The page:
STEM CELL THERAPY FOR BACK PAIN
Although early stem cell research used stem cells harvested from umbilical cords, today’s research in the U.S. uses cells derived from other sources, including bone marrow, blood and adipose (fat) tissue. Most research focuses on using a patient’s own stem cells (autologous stem cells). Adult stem cells used in back pain studies may also be referred to as mesenchymal stem cells, or MSCs. Here in Mexico we concentrate on both donor Mesenchymal Stem Cells & Adult Stem cells from patients own stem cell line.
Mesenchymal Stem cells are valued in medical research because they have the ability to differentiate, or turn into, many other types of cells. Unlike a bone cell (chondrocyte), which can only be a bone cell, a stem cell can be prompted to turn into many types of cells. When injected into an area where damage has occurred due to disease or injury, stem cells can take on the characteristics of the damaged cells, replacing and replenishing them to heal the area. Stem cells can also prompt changes in local cells through cell-to-cell communication called paracrine signaling.
In addition, stem cells can promote the development of new blood vessels to increase circulation in damaged tissues, significantly reduce inflammation which can impede healing, and reboot faulty immune systems, which is especially important in the treatment of immune-mediated diseases.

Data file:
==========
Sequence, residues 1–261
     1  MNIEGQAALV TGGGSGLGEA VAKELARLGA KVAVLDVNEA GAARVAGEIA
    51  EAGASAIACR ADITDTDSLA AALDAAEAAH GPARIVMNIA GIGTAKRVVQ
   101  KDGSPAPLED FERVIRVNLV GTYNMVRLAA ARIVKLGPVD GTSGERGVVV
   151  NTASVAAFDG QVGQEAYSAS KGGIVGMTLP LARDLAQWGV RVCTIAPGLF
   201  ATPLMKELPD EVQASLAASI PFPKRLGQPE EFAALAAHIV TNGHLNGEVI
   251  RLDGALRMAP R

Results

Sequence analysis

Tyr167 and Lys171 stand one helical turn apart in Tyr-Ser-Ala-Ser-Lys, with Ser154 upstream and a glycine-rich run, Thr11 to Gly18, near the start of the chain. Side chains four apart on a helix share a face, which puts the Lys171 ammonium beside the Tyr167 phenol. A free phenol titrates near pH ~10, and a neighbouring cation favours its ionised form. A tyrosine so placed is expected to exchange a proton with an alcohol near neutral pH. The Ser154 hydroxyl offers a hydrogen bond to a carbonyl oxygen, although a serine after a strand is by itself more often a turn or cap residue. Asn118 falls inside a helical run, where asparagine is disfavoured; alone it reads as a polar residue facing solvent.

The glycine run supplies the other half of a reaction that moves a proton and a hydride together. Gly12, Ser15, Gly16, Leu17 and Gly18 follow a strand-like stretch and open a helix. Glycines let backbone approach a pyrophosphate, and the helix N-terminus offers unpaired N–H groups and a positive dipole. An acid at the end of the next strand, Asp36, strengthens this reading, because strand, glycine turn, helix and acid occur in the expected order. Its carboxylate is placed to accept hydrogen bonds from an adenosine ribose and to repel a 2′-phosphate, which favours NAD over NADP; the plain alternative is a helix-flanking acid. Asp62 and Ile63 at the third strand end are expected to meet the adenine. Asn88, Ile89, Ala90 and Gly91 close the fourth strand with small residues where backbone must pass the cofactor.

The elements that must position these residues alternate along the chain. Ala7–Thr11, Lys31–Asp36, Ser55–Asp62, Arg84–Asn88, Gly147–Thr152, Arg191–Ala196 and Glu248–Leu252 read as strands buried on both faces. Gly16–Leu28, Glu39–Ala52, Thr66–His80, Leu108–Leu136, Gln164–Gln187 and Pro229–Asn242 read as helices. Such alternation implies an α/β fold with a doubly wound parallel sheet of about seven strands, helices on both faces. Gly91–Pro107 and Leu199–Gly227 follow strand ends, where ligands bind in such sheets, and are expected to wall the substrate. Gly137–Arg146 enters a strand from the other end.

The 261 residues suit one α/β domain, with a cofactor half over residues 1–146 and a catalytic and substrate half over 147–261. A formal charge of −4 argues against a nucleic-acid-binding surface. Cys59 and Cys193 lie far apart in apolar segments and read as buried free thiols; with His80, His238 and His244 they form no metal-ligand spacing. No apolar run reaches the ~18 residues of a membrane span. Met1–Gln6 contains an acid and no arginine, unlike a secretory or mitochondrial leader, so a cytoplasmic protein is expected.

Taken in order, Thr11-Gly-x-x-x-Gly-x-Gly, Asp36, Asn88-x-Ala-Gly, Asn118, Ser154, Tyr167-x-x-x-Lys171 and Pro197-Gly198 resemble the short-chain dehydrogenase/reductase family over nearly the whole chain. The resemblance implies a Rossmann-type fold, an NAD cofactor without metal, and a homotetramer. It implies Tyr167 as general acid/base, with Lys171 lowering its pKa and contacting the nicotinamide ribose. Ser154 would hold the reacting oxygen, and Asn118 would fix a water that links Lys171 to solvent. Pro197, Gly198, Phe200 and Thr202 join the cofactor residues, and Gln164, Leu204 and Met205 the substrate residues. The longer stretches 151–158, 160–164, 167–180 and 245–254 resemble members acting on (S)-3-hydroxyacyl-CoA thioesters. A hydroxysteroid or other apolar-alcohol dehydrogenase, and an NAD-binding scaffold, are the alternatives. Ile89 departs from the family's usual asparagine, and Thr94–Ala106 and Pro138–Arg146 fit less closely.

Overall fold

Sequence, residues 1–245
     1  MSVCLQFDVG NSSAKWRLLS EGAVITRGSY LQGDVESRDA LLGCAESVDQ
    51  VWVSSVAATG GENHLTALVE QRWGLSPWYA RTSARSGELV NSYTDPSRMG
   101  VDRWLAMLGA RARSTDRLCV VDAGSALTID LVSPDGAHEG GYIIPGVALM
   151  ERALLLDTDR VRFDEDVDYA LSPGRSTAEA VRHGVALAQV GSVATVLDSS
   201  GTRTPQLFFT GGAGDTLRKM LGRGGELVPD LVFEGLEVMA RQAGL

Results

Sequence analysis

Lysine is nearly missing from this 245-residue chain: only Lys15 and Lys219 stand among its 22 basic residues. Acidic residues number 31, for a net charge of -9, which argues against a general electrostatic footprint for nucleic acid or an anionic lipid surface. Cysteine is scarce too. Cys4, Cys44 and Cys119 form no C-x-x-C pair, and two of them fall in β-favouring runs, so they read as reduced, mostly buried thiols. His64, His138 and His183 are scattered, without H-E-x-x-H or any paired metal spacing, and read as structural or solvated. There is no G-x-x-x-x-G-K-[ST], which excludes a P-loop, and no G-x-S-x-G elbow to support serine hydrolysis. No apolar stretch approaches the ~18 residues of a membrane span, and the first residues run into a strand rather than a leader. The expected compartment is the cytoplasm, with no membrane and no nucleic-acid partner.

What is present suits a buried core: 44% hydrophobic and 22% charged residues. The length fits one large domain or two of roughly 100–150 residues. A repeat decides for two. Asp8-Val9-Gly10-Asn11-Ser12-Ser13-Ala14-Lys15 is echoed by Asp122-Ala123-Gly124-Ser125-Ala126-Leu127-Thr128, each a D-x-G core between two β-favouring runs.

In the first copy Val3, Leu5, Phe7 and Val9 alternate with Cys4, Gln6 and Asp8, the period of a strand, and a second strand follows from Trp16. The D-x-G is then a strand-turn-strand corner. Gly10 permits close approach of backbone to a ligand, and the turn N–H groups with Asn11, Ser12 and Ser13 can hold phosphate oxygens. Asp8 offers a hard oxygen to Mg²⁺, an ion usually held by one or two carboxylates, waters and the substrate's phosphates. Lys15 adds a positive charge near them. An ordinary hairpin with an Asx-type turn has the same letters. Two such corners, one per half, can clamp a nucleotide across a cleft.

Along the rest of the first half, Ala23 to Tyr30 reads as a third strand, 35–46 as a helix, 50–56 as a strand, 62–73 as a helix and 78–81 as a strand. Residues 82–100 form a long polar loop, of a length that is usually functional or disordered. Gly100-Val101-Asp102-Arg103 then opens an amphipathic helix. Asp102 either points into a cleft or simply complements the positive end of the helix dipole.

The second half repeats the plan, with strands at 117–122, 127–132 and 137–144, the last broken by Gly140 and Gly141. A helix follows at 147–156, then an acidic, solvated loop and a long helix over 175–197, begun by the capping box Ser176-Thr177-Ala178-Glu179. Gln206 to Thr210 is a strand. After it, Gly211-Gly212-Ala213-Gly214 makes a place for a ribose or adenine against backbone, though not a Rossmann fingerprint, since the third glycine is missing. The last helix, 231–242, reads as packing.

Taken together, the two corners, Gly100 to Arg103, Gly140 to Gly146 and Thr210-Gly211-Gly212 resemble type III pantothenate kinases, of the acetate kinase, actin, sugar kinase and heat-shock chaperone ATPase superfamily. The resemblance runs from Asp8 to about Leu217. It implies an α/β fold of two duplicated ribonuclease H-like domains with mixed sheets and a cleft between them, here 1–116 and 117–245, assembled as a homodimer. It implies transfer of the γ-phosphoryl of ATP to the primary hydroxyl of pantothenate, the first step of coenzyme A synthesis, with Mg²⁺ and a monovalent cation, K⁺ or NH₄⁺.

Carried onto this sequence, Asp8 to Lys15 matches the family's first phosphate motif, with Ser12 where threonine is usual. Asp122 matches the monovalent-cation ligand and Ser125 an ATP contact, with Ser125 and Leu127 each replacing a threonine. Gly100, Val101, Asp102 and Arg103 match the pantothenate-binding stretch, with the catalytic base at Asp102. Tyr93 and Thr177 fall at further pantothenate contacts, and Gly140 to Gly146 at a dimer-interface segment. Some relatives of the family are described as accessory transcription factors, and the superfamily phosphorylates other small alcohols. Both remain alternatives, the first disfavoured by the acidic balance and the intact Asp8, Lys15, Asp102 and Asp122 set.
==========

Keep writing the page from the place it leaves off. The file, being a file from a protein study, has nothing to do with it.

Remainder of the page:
In back pain, stem cells have been used to help support grafts, to reduce the effects of osteoarthritis and rheumatoid arthritis, and to treat degenerative changes that can affect the discs and the spinal canal.
Stem cells are of special interest in the treatment of low back pain, the most common type of back pain and a major cause of debility in the U.S. and worldwide. In one study of low back pain, 24 patients were injected with concentrations of their own stem cells derived from bone marrow to evaluate the effects on their symptoms, which had persisted for as long as 12 years in some patients. All of the patients showed some evidence of age-related disc degeneration. During the procedure, the stem cell concentrate was re-injected into the space surrounding the damaged disc. Of the original 24 patients, 12 were followed for 30 months to determine the efficacy of the approach over time. After two years, five patients reported their pain was better and three reported no improvement in their symptoms. The remaining four had not reached the endpoint of the follow-up period.
Another group of researchers from the Emory Orthopedics and Spine Center recently demonstrated that a single injection of stem cells can lower back pain caused by degenerative discs. The study included 100 patients as part of a Phase II international clinical trial. Mesenchymal precursor cells (MPCs) derived from the bone marrow were used for this study, and were found to lower back pain by 50% for up to 12 months. W. Jeremy Beckworth, MD, assistant professor of Orthopaedics and Rehab Medicine, was part of the trial. “These are very exciting findings,” explains Beckworth. “The results provide significant hope for a condition that has been very tough to treat. Discogenic low back pain, a painful degenerative disc, is the most common cause of chronic low back pain.”